He Shall Feed His Flock

arabic-n-christians-iraq1Over the last several weeks, news has trickled out of Iraq and Syria. News of persecution, of ethnic and religious cleansing, of genocide. We have responded by changing our profile pictures, offering up prayers, and petitioning our political leaders. But the news has continued. News of churches burning, of thousands starving on barren mountain tops, and then this week, of even children being beheaded. At some point, it is simply too much.

We want to look away, to go about our business, to focus on the world that is near. We want do this--not because we don't feel the weight of what is happening there--but because we feel it too much. We are mothers and fathers, aunts and uncles, grandmothers and grandfathers, and we know that these could be our own children and our own families who are lost, thirsty, confused, and dying. In truth, they are. And when we consider this, when we let the reality of what is happening sink in, we are overwhelmed.

Our souls simply can't handle it.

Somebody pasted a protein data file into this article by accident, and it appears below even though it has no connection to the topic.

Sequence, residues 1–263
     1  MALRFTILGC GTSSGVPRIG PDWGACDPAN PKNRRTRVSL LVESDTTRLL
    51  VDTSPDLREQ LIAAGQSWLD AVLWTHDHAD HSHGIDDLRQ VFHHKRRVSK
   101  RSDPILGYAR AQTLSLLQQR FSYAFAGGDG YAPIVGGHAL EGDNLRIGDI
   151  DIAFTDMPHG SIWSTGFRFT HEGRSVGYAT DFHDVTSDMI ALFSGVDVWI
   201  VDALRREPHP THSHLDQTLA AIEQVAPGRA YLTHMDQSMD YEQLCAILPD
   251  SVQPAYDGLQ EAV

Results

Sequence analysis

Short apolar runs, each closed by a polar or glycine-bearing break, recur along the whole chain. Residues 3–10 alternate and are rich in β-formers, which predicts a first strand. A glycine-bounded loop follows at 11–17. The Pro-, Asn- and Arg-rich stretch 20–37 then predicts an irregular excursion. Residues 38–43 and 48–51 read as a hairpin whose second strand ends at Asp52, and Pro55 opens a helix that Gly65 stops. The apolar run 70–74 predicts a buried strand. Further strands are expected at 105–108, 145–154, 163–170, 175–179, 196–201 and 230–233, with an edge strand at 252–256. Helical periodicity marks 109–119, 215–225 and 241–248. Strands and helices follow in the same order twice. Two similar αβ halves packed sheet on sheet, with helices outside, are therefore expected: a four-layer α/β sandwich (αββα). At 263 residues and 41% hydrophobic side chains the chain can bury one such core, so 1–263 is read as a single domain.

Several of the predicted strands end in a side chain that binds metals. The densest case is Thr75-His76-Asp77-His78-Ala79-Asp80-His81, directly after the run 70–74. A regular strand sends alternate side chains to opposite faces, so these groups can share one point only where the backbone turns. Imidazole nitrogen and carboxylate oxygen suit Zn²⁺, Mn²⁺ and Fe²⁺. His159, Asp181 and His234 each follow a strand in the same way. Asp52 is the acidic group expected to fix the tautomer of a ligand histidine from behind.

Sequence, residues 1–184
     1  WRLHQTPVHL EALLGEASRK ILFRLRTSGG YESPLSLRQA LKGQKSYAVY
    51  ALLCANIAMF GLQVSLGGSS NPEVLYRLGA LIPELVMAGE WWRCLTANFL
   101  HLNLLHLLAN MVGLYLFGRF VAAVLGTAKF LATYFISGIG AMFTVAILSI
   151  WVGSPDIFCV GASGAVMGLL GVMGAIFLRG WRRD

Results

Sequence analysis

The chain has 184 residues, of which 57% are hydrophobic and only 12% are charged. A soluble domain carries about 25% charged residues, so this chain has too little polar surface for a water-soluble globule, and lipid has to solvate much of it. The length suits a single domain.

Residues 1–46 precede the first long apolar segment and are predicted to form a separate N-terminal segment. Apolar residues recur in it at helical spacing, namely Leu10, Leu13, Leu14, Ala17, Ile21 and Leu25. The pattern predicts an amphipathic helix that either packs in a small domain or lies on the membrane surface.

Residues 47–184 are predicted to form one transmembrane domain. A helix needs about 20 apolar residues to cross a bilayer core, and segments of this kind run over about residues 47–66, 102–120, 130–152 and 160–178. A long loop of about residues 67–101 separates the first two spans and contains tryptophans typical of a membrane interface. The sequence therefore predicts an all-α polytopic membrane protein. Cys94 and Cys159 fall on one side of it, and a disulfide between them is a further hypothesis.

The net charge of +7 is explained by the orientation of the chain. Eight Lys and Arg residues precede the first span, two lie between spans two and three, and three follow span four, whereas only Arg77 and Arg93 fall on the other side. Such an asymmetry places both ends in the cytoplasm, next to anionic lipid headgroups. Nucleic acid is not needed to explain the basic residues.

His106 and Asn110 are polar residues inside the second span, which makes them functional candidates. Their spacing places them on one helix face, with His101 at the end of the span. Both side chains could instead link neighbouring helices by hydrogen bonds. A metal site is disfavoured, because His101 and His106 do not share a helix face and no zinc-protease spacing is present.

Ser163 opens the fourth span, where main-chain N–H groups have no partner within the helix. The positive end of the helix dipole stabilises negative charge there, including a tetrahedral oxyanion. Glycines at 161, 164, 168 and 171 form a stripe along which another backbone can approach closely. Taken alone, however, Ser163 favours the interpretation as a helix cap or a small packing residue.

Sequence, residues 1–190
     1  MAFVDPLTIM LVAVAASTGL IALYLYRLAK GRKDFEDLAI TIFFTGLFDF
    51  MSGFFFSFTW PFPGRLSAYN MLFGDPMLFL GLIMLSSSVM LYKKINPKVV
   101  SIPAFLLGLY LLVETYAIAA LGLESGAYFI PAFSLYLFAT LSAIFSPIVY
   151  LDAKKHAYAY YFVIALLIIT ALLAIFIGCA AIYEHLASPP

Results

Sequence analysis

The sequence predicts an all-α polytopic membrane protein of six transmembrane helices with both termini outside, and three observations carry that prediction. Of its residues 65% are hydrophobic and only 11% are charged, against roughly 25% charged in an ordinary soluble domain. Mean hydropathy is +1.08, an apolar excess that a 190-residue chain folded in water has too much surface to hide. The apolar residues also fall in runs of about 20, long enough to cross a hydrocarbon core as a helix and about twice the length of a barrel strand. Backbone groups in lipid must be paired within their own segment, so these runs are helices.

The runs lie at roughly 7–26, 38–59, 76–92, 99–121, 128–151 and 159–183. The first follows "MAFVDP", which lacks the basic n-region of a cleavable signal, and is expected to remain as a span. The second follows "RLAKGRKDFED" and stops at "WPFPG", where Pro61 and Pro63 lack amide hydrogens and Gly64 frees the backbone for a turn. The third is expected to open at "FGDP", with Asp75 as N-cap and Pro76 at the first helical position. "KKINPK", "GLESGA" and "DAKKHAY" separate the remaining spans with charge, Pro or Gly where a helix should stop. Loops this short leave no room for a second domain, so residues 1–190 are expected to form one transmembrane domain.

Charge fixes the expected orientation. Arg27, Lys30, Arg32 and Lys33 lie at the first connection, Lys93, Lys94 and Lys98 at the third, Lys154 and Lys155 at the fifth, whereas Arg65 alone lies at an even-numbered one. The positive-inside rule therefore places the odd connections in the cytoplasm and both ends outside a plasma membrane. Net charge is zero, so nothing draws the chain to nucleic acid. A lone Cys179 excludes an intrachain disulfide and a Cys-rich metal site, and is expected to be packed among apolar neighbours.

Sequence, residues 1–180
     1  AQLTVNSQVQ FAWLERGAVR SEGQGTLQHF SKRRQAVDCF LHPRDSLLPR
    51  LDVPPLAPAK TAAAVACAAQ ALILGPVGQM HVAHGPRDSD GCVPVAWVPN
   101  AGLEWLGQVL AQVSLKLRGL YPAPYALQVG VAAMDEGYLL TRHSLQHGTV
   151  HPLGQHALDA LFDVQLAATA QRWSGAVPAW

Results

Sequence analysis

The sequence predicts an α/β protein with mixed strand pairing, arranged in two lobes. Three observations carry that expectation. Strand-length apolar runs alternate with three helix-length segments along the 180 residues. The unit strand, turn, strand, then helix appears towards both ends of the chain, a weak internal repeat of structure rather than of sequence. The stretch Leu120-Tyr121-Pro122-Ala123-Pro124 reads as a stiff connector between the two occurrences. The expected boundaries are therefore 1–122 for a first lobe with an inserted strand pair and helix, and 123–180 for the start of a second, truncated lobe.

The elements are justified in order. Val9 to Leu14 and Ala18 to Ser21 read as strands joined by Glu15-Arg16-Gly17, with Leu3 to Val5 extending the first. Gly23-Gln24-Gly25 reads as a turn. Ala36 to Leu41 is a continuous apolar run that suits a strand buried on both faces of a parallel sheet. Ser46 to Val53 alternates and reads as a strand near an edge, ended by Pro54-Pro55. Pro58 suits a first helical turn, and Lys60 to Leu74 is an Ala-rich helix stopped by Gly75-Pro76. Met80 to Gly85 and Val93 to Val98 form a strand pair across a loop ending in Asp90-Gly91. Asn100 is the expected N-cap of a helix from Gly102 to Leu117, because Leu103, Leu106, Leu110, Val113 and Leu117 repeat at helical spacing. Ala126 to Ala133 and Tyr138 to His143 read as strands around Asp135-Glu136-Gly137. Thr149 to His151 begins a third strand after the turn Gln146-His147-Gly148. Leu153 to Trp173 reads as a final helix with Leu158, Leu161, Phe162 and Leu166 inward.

So we turn away. We cook our meals, we hug our children, and we offer up prayers for our brothers and sisters. But if, for a moment, we consider it; if even for a moment we feel the weight, the unbelievable weight, of their loss, we have a chance to share in their suffering.  And when we share in their suffering, we may also be comforted with them. We may be comforted by the One who promises to feed His flock, who promises to gather the lambs with His arms, who promises to gently lead those that are with young.

And truthfully, these promises are all that any of us have.


(Disclaimer: The images in the following were collected from various media outlets and used solely for the education of my audience. The background music is from a 2008 London Philharmonic recording of G.F. Handel's Messiah.)

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